Appeals from the Orders of the Court of Common Pleas of Allegheny County in cases of Robert Gildea et al. v. City of Pittsburgh, Peter F. Flaherty, Mayor, John Bingler, Public Safety Director, and Robert Colville, Superintendent of Police, No. 246 October Term, 1971, and Barry M. Joyce and Daniel J. Cuneen v. City of Pittsburgh, Peter F. Flaherty, Mayor, and Robert Colville, Superintendent of Police, No. 111, January Term, 1972.
Fred E. Baxter, Jr., with him Mansmann, Beggy, McVerry and Baxter, for appellants, Joyce and Cuneen.
Peter J. Mansmann, with him James A. Wymard, for appellees, Gildea, et al.
Frederick A. Boehm, First Assistant City Solicitor, with him Daniel Curtin, Assistant City Solicitor, Eugene B. Strassburger, III, Executive Assistant City Solicitor, and Ralph Lynch, Jr., City Solicitor, for appellants-appellees, City of Pittsburgh, et al.
President Judge Bowman and Judges Crumlish, Jr., Kramer, Wilkinson, Jr., Mencer, Rogers and Blatt. Opinion by President Judge Bowman. Concurring and Dissenting Opinion by Judge Mencer.
These two appeals arise out of unrelated factual backgrounds but both involve the statutory power of the Mayor of Pittsburgh or its Director of Public Safety to suspend allegedly insubordinate police officers from the Pittsburgh Bureau of Police either initially or after hearing before a police trial court for definite or indefinite periods of time.
Robert Gildea and thirty-three other police officers were suspended from their duties by the Director of the Department of Public Safety in late 1970. Officials of the Bureau of Police had begun an investigation into the payment of court witness fees to certain police officers and discovered that some thirty-four police officers had received substantial court witness fees to which they were not entitled. The Superintendent of Police on the basis of the investigative report preferred
charges against these officers and recommended disciplinary action.
The Public Safety Director ordered police trial courts convened to examine the charges pursuant to the Policemen's Civil Service Act of August 10, 1951, P.L. 1189, as amended, 53 P.S. § 23531. Before such police trial courts were actually convened, the police officers were suspended from duty without pay.
The police trial courts subsequently met to dispose of the charges but in all cases continued the hearings pending disposition of possible criminal charges being filed against the suspended police officers. Further, these police trial courts ordered the police officers restored to duty with pay in the interim. In fact, no criminal charges were ever filed against any of them.
The Mayor of Pittsburgh concluded that the police trial courts lacked power to order such restorations and continued the suspensions. The police trial courts then reconvened, took testimony and examined evidence, and concluded in all cases that the police officers had received the questioned court witness fees by mistake. Suspensions ranging from twenty-five to fifty-eight days were imposed.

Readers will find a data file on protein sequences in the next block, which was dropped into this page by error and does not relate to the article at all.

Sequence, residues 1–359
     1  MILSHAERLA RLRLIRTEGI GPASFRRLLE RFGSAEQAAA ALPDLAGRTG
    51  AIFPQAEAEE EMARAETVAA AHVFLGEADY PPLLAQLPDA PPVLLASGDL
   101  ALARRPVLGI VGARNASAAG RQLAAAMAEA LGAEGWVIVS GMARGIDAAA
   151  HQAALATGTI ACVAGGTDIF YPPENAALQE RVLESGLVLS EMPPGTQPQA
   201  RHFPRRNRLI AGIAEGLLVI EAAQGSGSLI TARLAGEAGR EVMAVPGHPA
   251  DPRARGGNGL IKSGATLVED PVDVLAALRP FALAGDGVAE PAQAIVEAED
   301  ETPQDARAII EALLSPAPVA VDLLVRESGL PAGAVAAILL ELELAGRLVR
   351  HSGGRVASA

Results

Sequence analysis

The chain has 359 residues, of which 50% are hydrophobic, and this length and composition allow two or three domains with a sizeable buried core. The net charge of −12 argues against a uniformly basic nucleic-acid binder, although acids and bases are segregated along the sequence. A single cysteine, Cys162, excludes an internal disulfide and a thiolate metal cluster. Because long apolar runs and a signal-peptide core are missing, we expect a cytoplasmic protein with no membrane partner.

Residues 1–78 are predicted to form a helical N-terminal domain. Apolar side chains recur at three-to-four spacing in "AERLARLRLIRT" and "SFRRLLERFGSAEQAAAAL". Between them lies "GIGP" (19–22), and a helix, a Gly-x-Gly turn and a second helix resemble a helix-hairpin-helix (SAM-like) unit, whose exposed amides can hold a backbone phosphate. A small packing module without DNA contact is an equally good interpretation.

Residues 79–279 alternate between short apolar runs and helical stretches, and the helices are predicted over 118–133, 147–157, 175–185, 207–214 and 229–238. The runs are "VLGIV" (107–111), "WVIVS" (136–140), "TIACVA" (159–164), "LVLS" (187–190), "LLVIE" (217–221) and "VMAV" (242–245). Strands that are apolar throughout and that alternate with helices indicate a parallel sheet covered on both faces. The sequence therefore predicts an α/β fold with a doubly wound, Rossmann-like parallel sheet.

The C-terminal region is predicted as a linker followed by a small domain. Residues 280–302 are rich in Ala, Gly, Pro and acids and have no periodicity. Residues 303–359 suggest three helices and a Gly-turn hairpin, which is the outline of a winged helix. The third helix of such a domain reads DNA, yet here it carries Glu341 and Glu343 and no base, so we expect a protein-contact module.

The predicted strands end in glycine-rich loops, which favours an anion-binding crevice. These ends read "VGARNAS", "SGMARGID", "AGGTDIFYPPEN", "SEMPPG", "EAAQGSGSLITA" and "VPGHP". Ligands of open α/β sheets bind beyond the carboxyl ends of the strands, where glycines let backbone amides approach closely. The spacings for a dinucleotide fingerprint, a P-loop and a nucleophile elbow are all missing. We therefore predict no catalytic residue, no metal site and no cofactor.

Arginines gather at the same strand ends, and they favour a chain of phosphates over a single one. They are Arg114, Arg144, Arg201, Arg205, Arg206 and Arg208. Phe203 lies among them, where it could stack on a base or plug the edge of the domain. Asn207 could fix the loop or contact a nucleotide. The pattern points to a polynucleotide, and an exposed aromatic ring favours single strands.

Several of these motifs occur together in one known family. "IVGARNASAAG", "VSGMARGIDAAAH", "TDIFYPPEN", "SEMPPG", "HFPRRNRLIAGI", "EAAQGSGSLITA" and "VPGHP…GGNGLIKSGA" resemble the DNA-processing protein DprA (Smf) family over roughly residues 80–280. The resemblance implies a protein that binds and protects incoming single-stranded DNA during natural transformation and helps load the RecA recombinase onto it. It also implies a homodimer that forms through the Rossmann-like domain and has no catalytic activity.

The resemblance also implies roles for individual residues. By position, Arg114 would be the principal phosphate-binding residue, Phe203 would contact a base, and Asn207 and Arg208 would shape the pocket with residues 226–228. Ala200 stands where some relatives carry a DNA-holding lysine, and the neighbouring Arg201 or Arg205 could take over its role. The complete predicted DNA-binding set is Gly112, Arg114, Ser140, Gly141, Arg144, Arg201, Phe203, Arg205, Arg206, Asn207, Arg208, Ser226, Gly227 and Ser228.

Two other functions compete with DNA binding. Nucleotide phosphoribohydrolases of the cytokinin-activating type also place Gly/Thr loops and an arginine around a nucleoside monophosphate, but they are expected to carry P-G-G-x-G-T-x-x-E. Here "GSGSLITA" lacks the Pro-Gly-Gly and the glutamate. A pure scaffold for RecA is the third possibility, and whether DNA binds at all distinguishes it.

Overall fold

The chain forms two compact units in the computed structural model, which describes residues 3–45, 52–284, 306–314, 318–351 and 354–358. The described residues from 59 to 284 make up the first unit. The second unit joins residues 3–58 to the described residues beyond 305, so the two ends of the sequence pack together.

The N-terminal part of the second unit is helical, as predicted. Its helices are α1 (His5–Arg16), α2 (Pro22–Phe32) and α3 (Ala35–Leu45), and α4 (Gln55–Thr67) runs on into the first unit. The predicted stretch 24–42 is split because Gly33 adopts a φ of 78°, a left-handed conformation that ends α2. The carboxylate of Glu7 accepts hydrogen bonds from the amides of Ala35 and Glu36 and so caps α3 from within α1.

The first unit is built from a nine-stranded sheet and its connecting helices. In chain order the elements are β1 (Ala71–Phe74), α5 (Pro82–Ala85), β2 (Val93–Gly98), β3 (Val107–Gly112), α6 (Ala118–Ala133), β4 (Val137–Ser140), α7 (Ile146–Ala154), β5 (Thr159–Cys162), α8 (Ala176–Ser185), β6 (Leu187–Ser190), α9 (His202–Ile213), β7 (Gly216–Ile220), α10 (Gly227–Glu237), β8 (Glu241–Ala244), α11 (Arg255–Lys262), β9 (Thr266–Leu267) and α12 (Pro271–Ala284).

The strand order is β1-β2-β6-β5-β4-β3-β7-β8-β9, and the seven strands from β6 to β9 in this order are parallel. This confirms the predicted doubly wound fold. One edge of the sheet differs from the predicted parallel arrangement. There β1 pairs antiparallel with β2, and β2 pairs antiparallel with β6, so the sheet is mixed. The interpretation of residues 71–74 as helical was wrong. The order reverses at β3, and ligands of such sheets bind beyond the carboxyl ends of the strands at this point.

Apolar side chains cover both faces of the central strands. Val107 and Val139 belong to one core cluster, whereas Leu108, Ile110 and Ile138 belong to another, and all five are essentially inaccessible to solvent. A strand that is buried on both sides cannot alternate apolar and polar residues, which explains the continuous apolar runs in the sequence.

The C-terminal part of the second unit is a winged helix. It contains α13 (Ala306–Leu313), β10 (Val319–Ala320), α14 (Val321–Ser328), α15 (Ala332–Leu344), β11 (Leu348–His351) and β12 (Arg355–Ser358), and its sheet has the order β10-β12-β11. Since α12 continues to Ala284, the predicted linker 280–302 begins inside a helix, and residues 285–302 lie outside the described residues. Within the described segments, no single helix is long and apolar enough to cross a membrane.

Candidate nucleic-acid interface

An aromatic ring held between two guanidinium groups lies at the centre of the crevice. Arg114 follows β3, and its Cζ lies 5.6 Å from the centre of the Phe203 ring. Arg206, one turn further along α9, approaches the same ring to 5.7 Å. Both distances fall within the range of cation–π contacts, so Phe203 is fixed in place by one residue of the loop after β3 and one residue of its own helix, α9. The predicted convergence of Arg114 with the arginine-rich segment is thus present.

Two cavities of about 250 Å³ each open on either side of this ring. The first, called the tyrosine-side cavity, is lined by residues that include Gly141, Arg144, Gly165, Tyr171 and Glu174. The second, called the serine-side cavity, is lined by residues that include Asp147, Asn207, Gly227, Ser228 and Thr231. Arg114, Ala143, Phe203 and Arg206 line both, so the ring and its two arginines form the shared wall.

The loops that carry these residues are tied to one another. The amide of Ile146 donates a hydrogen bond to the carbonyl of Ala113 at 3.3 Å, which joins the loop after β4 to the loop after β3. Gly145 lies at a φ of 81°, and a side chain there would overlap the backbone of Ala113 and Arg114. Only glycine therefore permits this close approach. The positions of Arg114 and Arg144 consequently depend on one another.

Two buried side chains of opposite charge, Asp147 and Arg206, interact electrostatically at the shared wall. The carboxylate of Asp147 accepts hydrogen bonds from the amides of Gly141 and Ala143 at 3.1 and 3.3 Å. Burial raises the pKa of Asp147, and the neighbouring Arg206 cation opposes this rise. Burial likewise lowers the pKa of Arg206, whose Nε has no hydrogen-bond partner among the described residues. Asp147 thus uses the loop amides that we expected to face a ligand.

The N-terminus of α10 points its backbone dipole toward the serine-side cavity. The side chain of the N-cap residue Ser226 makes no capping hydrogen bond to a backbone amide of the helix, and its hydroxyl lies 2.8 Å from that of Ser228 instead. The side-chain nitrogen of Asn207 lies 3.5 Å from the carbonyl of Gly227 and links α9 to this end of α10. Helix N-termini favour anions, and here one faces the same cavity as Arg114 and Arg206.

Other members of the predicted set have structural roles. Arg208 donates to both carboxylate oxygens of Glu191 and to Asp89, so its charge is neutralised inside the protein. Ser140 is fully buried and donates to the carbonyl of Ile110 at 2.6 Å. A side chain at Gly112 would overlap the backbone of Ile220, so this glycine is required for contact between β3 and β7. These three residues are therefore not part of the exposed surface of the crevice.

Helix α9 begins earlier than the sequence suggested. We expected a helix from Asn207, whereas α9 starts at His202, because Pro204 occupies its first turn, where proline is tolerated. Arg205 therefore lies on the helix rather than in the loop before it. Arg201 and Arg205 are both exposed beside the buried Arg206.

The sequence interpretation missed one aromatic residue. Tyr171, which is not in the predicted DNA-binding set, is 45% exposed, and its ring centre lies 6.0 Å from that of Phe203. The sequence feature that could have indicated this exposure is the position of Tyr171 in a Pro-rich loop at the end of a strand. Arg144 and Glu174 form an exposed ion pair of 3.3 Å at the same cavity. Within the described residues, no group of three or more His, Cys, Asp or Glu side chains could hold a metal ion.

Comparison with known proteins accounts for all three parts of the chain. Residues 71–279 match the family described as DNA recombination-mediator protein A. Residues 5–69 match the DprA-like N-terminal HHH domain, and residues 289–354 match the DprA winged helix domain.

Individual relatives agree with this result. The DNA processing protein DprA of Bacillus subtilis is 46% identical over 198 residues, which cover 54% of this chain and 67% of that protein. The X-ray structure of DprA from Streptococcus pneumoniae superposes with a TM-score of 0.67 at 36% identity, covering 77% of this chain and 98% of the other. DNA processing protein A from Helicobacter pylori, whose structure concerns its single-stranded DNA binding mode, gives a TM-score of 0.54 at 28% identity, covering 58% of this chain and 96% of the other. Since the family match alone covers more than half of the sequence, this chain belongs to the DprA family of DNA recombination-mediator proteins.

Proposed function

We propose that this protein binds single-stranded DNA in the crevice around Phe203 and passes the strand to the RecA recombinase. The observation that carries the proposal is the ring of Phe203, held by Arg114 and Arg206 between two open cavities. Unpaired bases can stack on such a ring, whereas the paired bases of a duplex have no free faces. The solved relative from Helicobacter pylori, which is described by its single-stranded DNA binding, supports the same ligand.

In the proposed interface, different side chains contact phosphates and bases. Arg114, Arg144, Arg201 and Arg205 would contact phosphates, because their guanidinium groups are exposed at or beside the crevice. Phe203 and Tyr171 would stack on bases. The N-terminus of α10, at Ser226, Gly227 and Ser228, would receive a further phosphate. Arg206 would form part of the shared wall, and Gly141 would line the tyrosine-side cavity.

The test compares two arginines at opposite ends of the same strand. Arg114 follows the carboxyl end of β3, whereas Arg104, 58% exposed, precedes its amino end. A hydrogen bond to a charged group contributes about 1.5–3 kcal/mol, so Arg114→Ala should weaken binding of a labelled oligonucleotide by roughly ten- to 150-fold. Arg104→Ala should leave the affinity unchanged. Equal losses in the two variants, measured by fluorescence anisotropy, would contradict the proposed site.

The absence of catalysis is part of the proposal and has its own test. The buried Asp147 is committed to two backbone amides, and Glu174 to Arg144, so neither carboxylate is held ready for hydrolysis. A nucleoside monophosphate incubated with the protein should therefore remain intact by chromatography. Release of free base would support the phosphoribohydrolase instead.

Upon reviewing the various police trial court transcripts and findings, the Mayor determined that the police trial courts had in all cases totally disregarded the evidence before them and abused their discretion. He disapproved their conclusions. By individual letter to each police trial court and police officer, the Mayor advised that the original suspensions imposed by the Public Safety Director would continue in effect pending further administrative action and disposition of the criminal charges.
Thirty-one of the affected policemen filed a complaint in equity in the Court of Common Pleas of Allegheny County seeking to enjoin the suspensions as reinstated
by the Mayor. A Chancellor (Hester, J.) heard argument on a request for a preliminary injunction, having refused a previous petition for ex parte preliminary injunctive relief. After hearing, a preliminary injunction issued ordering the policemen restored to duty pending new hearings by police trial courts to be promptly convened. The Mayor appealed from the granting of such preliminary relief to this Court. At the time of argument of the appeal before this Court, new police trial courts had not been convened.
Barry M. Joyce and Daniel J. Cuneen, two officers employed by the Pittsburgh Bureau of Police, were involved in an incident on September 24, 1971 where they were alleged to have fired their service revolvers so as to seriously wound a fleeing felon. On the basis of this incident, the Mayor ordered that Joyce and Cuneen be suspended from duty without pay; the City of Pittsburgh concurrently filed criminal charges against both officers charging them with assault with intent to kill.
Within six days of the suspension, a police trial court was convened to hear evidence on the Mayor's charges supporting his suspension actions for violations of the Bureau regulations as to the use of firearms. Following hearing, the police trial court ordered the officers restored to duty pending final disposition of the criminal charges.
The Mayor reviewed the determinations and conclusions to restore these two officers to full duty by the police trial court and disapproved the decision by opinion dated October 5, 1971. The opinion concluded that both officers had violated the firearm regulations promulgated by the Bureau of Police. The suspension order issued by the Mayor indicated that Joyce and Cuneen ...